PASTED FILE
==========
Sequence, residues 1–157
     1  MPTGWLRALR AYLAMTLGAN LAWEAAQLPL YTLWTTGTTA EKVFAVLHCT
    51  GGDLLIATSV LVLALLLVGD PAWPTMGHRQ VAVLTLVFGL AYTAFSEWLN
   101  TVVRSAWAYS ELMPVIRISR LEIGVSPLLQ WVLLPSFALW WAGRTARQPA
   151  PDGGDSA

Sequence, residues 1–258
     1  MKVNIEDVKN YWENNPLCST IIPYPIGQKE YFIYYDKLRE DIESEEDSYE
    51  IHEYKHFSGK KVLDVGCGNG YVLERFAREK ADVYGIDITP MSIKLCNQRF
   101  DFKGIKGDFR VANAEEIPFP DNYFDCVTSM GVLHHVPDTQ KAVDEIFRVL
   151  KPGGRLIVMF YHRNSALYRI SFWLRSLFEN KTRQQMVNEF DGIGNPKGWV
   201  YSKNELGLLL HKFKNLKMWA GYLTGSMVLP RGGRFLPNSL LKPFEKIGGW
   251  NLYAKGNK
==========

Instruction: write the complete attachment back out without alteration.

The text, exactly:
Sequence, residues 1–157
     1  MPTGWLRALR AYLAMTLGAN LAWEAAQLPL YTLWTTGTTA EKVFAVLHCT
    51  GGDLLIATSV LVLALLLVGD PAWPTMGHRQ VAVLTLVFGL AYTAFSEWLN
   101  TVVRSAWAYS ELMPVIRISR LEIGVSPLLQ WVLLPSFALW WAGRTARQPA
   151  PDGGDSA

Sequence, residues 1–258
     1  MKVNIEDVKN YWENNPLCST IIPYPIGQKE YFIYYDKLRE DIESEEDSYE
    51  IHEYKHFSGK KVLDVGCGNG YVLERFAREK ADVYGIDITP MSIKLCNQRF
   101  DFKGIKGDFR VANAEEIPFP DNYFDCVTSM GVLHHVPDTQ KAVDEIFRVL
   151  KPGGRLIVMF YHRNSALYRI SFWLRSLFEN KTRQQMVNEF DGIGNPKGWV
   201  YSKNELGLLL HKFKNLKMWA GYLTGSMVLP RGGRFLPNSL LKPFEKIGGW
   251  NLYAKGNK